Michael Chabon

By Derbyshire, Jonathan | New Statesman (1996), September 14, 2012 | Go to article overview

Michael Chabon


Derbyshire, Jonathan, New Statesman (1996)


Your new novel, Telegraph Avenue, has its origins in a TV pilot you wrote in the late 1990s, doesn't it?

That's right. It started as a pilot I wrote for the TNT network in 1999-2000. But before that it started with me walking into a used record store in Oakland, California and noticing there was this little counter up at the front where a bunch of guys were sitting talking. They were mixed races--black guys, white guys. And they seemed to have created this pocket of commonality.

[ILLUSTRATION OMITTED]

I was struck by that because I grew up in a place called Columbia in Maryland, which is a planned community built in the 196os in the countryside between Baltimore and Washington. It was intended to be--and for the period I lived there was-racially integrated.

That was a period of quite strenuous attempts, at both federal and state level, to, if not enforce, then at least to encourage racial integration, wasn't it?

Right, but where I was it was nothing like that. It was a consensual place. It had utopian ambitions. Not the kind of place where you'd be obliged to live together but where you'd want to live together. That's where I started.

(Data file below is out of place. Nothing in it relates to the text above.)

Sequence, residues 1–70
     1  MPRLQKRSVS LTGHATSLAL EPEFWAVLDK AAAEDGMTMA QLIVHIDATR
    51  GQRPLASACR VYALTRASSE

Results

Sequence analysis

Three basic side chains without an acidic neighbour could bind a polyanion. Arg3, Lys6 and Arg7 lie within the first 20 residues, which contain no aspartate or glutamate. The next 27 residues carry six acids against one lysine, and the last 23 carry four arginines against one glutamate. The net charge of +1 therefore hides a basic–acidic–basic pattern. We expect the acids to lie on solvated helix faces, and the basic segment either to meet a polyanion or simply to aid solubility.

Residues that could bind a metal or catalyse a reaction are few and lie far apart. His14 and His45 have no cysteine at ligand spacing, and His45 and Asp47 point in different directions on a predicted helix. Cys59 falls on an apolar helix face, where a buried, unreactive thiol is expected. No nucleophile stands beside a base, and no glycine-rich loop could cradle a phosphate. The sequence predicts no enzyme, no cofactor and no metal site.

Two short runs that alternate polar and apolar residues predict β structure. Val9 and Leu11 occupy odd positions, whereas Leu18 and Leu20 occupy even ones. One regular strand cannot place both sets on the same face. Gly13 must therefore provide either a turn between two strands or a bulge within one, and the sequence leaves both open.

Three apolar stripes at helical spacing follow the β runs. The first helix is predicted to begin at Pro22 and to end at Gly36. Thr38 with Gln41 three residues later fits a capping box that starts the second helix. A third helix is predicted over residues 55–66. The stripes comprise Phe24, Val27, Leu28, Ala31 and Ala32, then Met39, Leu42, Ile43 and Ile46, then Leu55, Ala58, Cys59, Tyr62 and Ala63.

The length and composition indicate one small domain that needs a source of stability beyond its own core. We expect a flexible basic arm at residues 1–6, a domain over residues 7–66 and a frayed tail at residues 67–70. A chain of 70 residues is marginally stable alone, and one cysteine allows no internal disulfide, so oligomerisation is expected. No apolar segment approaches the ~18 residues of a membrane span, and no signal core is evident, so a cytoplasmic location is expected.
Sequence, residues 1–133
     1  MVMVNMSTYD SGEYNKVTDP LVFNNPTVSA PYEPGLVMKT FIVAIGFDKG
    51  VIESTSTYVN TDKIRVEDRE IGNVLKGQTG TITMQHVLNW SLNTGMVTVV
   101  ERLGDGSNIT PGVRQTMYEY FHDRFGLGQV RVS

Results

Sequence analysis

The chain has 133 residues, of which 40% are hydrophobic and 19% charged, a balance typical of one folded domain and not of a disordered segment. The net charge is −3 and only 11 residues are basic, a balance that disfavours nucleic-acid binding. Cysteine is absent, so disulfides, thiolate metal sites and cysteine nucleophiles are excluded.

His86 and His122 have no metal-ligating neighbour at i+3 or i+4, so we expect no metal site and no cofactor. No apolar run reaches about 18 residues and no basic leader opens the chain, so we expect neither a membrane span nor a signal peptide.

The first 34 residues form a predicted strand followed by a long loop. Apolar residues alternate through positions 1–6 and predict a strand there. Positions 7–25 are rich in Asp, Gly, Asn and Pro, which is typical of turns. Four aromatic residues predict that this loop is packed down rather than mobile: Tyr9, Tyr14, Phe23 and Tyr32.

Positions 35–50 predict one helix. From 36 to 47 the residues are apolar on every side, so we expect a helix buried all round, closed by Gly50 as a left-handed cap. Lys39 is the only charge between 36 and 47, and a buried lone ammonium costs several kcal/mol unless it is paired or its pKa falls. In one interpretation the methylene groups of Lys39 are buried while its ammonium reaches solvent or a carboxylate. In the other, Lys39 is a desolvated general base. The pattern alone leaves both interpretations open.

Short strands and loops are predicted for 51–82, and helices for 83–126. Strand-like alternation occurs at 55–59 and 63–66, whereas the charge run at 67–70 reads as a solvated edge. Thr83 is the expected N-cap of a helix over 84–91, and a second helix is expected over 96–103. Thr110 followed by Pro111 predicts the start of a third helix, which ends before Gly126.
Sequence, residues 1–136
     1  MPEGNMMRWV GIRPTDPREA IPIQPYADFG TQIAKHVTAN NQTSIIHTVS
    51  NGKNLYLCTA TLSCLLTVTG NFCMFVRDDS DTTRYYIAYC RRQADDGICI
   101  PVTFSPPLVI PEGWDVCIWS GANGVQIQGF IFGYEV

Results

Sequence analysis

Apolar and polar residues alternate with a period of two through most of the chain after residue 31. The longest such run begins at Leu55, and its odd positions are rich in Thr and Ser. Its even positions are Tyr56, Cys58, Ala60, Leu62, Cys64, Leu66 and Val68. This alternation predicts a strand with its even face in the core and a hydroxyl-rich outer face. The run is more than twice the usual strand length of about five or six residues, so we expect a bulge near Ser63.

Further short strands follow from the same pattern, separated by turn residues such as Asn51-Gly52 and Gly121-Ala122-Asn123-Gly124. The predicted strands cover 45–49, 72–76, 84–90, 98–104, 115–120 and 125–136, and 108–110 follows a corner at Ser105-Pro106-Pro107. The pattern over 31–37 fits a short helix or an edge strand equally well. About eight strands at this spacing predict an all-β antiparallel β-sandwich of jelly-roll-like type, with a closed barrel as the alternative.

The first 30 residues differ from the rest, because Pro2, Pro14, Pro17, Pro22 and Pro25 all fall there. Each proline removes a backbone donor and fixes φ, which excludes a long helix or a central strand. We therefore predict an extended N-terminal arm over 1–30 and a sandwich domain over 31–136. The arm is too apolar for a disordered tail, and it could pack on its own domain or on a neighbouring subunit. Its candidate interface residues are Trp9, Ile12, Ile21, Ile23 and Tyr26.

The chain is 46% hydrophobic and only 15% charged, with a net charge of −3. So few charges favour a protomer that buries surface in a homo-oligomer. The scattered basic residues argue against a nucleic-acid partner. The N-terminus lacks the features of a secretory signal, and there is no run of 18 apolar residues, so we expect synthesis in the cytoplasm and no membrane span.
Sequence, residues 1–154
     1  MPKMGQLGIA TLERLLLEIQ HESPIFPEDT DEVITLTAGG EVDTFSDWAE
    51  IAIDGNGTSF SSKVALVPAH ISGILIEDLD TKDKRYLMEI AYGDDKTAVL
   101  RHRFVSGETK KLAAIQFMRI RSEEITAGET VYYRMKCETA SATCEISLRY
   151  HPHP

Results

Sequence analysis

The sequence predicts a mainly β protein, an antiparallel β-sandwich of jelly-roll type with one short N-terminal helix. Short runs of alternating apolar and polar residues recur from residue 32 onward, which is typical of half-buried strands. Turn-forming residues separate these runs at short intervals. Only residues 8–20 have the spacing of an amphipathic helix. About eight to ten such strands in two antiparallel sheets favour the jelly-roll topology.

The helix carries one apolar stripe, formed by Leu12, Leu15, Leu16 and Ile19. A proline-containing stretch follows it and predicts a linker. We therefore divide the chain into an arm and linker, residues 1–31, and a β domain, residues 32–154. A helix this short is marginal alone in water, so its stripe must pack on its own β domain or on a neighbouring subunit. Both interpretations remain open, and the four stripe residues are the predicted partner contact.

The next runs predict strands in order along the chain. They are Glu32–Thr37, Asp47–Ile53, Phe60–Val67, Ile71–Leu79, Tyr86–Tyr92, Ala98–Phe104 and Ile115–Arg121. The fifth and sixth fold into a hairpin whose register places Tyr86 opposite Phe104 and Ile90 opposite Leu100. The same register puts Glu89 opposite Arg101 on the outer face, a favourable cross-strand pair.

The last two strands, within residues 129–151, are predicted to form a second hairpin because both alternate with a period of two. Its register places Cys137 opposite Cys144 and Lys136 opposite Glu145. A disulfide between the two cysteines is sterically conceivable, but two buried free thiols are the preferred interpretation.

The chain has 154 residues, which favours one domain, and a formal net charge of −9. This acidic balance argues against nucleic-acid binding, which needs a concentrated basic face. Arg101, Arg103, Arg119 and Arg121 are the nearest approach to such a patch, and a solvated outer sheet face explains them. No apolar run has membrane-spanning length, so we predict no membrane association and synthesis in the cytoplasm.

I found myself much later in life, having left all that behind, living exclusively among people like me more or less, always with this nagging sense of loss and betrayal of the place I grew up in.

So when I walked into that record store in Oakland, I got a little frisson of recognition and yearning. Somewhere along that continuum, the idea for Telegraph Avenue was born. It represents a journey from where I started to where I found myself--trying to imagine a different way of being in America.

Is the novel mourning the end of an attempt to forge a different way of being American?

I think elegy is an inevitable outcome of utopia. I do think I have a sense of belatedness, of always having arrived a little too late. I think it's a very common American characteristic going back to our earliest times--always feeling you missed it by a little bit!

Having grown up in a kind of utopia myself, and having seen that utopia fade, having been part of all that, has made me sensitive or alert to the inherent melancholy of utopian ideas. …

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